1 Department of Nordic Studies and Linguistics, Faculty of Humanities, Københavns Universitet2 University of Toronto3 Department of Nordic Studies and Linguistics, Faculty of Humanities, Københavns Universitet
The emergence of digital media is currently affecting our society across the board. However, until now our educational system has been relatively unaffected. Building on Marshall McLuhan’s point that media are environments, we argue that our schools will eventually need to adopt digital media in their learning methods, i.e. e-learning. There are at least two strong arguments for e-learning: 1) it will help schools staying in tune with the rest of the society. 2) digital media offer opportunities to learn in new, activating ways. We use Andy Clark’s extended mind thesis to argue how technologies can scaffold interactive learning and make it more engaging. The article analyzes e-learning, first by defining four aspects that are affected by it, and finally we sketch four levels of e-learning. On the basis of this analysis, we use a case topic (World War 2) to demonstrate how e-learning in practice can take various shapes.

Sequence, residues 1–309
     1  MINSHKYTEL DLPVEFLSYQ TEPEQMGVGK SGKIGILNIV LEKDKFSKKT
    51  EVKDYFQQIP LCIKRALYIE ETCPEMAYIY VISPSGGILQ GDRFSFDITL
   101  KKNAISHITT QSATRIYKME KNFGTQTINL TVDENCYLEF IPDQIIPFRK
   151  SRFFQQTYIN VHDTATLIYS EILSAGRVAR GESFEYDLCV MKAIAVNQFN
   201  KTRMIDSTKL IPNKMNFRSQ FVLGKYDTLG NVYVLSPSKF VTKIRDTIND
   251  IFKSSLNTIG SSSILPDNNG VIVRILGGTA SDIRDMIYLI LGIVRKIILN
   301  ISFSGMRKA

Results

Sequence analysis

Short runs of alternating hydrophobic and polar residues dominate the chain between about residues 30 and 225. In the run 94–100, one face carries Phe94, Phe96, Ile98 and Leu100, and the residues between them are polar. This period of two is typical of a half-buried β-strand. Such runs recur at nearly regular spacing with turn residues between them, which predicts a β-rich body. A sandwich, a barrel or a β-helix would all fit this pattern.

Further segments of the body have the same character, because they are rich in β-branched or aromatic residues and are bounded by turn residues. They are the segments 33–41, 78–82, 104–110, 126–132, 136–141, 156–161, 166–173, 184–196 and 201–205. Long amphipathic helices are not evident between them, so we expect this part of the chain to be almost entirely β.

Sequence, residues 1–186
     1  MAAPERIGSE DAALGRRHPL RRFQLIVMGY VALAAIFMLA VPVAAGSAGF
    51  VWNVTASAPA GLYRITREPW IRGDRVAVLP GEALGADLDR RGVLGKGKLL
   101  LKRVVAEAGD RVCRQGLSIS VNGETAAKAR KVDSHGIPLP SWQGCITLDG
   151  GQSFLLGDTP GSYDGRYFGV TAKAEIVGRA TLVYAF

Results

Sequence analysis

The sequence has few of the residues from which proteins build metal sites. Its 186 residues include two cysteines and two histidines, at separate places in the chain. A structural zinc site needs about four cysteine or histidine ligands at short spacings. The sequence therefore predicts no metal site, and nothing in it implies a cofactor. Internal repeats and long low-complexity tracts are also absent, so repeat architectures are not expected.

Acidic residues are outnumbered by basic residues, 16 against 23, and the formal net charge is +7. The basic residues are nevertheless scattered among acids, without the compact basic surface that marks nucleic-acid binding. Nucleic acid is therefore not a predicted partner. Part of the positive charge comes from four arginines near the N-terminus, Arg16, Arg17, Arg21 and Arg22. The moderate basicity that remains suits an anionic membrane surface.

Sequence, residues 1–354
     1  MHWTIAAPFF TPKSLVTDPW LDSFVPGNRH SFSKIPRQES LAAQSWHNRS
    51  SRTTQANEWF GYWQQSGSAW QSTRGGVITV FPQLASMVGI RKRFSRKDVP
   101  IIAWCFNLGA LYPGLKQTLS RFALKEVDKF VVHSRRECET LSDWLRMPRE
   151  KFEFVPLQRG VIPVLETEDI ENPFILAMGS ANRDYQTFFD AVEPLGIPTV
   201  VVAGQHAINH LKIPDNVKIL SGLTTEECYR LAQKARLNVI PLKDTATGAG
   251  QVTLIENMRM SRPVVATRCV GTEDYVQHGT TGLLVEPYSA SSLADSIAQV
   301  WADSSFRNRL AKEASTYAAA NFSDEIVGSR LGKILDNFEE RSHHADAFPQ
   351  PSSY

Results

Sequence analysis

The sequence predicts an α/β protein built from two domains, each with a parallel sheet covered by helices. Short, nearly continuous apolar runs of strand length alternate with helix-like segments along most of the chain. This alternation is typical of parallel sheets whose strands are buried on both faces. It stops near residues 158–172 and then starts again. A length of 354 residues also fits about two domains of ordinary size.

International Journal of Mcluhan Studies, 2012, Vol 2, p. 117-130
Faculty of Humanities; e-learning; Extension of Mind; iPads; McLuhan; Media environments